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Affirmative action

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  1. Introduction
  2. History of affirmative action
  3. For or against affirmative actions
    1. Reverse discrimination
    2. Affirmitive actions and its success
    3. Opponents of affirmative action
  4. Conclusion
  5. Questions

In the dictionary, an affirmative Action is said to be an active effort to improve the employment or educational opportunities of members of minority groups or women. Affirmative action has been the subject of increasing debate and tension in American society. It is an attempt by the United States to amend a long history of racial and sexual discrimination. But these days it seems to incite a nations internal division. Opponents of affirmative action say that the battle for equal rights is over, and that requiring quotas that favor one group over another is unpatriotic. The people that defend it say that providing advantages for minorities and women is fair considering the discrimination those groups tolerated for years. The debate has been more emotional than intellectual and has generated more tension. Affirmative action promotes equality in the workplace in such areas as hiring, training or promotion.

[...] Affirmative action is also needed to help black women to compete in today's corporate world. Black women in corporate America are still scarce: According to the Bureau of Labor Statistic's report for 1984, among the classification "executive, administrative, managerial, and professional, specialty," there were only 1,474,000 black women of the total, as opposed to 22,250,000 white women of the total number of working women in this category. Another area affirmative action addresses is preferential hiring programs. Many times people of colour have been excluded from hiring pools, overtly discriminated against, unfairly eliminated because of inappropriate qualification standards, or have been rendered unqualified because of discrimination in education and housing. [...]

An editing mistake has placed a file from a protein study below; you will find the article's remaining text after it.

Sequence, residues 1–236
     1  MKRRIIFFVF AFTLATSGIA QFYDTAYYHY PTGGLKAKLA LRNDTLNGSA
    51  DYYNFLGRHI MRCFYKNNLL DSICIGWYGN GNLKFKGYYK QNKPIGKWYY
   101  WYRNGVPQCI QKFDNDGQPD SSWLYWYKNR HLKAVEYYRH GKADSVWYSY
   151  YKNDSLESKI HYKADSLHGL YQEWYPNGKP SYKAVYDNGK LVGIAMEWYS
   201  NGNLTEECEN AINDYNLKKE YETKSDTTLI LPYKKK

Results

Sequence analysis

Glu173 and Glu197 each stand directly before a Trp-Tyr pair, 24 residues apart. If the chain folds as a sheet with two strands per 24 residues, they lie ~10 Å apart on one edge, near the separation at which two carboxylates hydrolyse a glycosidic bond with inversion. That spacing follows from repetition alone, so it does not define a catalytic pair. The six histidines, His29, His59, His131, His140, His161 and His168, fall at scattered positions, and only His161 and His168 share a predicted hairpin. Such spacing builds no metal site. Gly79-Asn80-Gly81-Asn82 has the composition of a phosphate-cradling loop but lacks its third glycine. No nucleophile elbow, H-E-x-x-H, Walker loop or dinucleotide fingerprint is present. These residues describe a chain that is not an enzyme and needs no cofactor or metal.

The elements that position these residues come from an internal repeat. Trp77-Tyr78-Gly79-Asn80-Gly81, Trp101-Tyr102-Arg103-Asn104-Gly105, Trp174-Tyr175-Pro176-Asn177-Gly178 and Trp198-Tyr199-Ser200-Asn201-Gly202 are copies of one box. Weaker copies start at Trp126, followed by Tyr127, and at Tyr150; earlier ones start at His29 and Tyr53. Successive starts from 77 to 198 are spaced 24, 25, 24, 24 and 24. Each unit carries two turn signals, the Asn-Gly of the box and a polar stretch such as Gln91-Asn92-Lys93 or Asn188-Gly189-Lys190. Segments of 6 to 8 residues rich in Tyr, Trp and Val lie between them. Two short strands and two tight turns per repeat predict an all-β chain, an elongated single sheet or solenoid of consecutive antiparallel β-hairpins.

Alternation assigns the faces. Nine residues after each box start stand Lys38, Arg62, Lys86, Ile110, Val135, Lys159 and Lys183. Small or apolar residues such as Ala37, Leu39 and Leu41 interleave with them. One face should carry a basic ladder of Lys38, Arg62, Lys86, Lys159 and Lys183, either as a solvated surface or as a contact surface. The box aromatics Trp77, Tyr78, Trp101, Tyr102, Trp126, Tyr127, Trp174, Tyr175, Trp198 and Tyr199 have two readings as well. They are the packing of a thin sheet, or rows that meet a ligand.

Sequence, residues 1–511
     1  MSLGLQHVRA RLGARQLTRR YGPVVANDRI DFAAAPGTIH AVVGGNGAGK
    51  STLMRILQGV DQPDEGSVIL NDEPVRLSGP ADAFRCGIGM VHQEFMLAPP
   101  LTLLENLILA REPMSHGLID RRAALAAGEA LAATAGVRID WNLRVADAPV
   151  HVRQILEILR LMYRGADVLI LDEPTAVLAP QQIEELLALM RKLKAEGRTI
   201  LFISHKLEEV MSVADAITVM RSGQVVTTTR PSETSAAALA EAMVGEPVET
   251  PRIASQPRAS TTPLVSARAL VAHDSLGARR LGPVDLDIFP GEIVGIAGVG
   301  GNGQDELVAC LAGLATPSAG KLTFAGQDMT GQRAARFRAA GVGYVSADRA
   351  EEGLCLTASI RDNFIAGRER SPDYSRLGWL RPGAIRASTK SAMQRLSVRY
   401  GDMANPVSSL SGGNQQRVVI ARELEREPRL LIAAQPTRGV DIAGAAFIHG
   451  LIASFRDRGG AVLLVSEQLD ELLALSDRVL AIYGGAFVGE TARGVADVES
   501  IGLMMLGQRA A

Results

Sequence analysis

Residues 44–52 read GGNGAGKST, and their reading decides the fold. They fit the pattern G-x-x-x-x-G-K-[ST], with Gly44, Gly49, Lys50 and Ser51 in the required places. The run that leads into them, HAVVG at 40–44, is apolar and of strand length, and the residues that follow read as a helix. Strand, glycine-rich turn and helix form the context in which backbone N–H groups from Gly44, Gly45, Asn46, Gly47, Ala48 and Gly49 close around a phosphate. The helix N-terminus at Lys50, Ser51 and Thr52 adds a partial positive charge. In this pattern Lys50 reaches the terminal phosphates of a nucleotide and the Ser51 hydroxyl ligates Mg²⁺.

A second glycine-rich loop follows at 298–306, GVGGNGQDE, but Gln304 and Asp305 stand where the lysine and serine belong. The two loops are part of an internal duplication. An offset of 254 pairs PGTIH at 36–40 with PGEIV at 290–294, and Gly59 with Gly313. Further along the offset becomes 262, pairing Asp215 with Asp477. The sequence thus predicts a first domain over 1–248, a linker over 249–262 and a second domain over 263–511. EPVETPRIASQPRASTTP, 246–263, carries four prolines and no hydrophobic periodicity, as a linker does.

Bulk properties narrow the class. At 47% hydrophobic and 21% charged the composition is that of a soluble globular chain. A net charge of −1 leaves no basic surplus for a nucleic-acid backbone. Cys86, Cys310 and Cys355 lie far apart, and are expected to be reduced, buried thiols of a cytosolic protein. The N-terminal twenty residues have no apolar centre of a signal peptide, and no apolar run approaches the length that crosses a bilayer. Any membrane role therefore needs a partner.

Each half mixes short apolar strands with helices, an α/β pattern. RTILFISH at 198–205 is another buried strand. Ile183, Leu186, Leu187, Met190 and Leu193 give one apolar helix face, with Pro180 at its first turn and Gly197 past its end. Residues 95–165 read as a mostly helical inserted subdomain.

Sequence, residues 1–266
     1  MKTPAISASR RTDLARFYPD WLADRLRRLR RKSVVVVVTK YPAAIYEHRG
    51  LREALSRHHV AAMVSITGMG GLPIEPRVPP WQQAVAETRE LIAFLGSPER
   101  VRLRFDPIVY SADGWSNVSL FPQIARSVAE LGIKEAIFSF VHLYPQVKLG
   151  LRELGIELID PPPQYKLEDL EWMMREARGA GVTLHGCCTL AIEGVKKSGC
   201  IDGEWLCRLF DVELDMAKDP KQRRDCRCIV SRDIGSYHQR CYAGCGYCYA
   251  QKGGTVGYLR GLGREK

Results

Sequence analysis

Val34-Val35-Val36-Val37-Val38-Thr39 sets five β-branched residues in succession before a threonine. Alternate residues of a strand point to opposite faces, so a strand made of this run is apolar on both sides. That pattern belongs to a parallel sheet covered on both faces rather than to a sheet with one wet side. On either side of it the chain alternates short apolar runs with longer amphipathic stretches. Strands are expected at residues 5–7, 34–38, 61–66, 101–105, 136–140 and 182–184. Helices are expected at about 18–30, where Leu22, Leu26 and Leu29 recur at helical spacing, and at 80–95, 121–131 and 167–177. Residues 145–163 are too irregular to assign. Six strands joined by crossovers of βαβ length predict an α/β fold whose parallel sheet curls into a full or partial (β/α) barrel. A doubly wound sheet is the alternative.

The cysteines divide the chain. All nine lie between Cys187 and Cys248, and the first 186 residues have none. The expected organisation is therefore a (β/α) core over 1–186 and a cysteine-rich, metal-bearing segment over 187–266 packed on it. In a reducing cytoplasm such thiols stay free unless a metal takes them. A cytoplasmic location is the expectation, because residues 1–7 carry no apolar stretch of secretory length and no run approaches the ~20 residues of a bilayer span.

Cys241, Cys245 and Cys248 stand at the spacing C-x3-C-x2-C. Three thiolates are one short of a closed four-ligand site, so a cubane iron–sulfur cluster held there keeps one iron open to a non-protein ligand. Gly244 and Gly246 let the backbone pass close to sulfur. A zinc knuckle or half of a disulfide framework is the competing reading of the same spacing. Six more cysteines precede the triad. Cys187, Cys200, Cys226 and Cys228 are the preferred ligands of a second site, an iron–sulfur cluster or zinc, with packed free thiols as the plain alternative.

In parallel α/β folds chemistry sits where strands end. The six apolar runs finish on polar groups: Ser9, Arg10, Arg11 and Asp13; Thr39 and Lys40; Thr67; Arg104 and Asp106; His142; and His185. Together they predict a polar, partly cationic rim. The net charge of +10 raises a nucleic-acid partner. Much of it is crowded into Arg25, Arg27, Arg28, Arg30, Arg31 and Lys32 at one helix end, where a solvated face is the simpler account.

[...] Opponents of affirmative action want to see the "most qualified" people be hired, regardless of sex, race, age, etc. However, a person's experience should be taken into consideration during the hiring process and if certain groups are blocked from competing, when they are finally allowed to compete they may have every other qualification, but will lack what they were blocked at competing in the first place. It is estimated that 85% of the 26 million net new American workers in this decade will consist of women, minorities, and immigrants. [...]

[...] citizenship. During the Reconstruction, after the end of the Civil War, the Fourteenth Amendment was passed in 1868, making blacks citizens and promised them the "equal protection of the laws." In 1870 the Fifteenth Amendment was passed, which gave blacks the right to vote. Congress also passed a number of civil rights laws barring discrimination against blacks in hotels, theatres, and other places. However, the South reacted by passing the "Black Codes, " which severely limited the rights of the newly freed slaves, preventing them in most states from testifying in courts against whites, limiting their opportunities to find work, and generally assigning them to the status of second or third class citizen. [...]

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